So too the signs of Kingdom of God are not obvious to those who are not looking, and without experience it would be impossible to interpret those signs. I cannot tell if we are almost at the end of the world. It might be the beginning of the end or only the end of the beginning. There might be ten years left, and there might be 10,000. I have neither the eyes nor the mind to see the signs and interpret them, but I do not doubt that they are there. No one can predict when the end will arrive, but when it has come it will be obvious to everyone that the signs of the coming were everywhere.

November 24, 2011 - Memorial of Saint Andrew Düng-Lac, priest and martyr, and his companions, martyrs

Today's Readings

We are told throughout our first reading today how it was the fault of “some men” that Daniel was thrown into the lions’ den. It emphasized over and over how the king himself did not want to put Daniel in there. He “worked until sunset to rescue him” and “sleep was impossible” that night. After Daniel himself, we are supposed to feel bad, I suppose, for the king, but who issued the royal decree? Who insisted that no one should pray to anyone except the king for one month?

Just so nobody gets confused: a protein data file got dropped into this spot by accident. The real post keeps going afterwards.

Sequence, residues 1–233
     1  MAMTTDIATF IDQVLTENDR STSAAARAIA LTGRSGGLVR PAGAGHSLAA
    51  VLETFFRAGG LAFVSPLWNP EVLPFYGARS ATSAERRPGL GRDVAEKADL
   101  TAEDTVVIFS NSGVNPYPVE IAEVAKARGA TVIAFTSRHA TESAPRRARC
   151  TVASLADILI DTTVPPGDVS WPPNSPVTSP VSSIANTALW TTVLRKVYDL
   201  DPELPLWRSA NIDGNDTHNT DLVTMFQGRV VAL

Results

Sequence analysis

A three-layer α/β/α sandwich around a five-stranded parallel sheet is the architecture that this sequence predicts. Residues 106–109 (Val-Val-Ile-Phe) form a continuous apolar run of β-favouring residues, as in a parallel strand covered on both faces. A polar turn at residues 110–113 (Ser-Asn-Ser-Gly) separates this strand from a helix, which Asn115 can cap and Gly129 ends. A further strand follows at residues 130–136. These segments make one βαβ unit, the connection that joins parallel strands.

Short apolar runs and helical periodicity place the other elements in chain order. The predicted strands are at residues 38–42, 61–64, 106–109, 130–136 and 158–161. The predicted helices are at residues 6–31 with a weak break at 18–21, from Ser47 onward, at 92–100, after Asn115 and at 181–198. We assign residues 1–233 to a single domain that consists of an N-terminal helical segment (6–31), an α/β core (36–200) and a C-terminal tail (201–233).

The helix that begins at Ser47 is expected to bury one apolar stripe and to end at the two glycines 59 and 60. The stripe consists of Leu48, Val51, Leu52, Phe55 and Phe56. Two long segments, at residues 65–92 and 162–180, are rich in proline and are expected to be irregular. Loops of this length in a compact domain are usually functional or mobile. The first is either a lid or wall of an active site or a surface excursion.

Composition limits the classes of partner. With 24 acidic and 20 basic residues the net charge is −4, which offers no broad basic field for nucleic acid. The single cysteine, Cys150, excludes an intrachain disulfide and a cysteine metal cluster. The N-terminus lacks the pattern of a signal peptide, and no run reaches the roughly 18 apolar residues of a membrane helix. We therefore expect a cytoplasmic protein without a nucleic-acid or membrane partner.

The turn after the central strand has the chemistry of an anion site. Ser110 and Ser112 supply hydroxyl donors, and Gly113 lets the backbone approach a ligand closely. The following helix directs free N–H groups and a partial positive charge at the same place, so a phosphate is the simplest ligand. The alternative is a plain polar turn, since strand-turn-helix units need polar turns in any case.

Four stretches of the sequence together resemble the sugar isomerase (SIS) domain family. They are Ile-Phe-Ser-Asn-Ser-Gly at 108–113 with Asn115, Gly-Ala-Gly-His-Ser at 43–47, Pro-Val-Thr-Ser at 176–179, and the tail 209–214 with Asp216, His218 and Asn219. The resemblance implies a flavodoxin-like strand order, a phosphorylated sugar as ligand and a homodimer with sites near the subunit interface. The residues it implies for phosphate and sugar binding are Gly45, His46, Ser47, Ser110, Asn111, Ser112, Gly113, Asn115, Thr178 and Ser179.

Those men who are accusing Daniel tell us who it was, “Daniel, the Jewish exile, has paid no attention to you, O king, or to the decree you issued.” The king issued the royal decree. So if he spent a sleepless night without dinner or entertainment, I think he deserved it. He never does, but he could have even taken responsibility for his own actions.

What could he have done though? As the men remind him, “under the Mede and Persian law” royal decrees are irrevocable. Perhaps, but under the law of God, throwing a human into a lions’ den because they were praying is wrong. When human law conflicts with divine law, it is obvious what ought to prevail. The king should not have thrown Daniel in the lions’ den, no matter what. He was not forced to.

The king dug a hole for himself with his stupid decree. Then he felt that he had no choice but to follow through. He was wrong. We always have a choice to do what is right. Like a businessman who is forced to lie under oath or a single mother who is forced to kill her own child, it is possible to arrive at a point where the choice is between self-sacrifice and doing wrong. The businessman is not forced; he could always go to jail instead. The mother is not forced; she could always struggle to care for the child instead.

It is never impossible to do what is right. In every circumstance, no matter what choices we have made up to that point, we can always begin doing what is right. It may be difficult. We may lose everything except our souls. Who knows what would have happened if the king had refused to thrown Daniel in the loins’ den. He might have lost his kingdom. It would have been worth it though, to do what is right.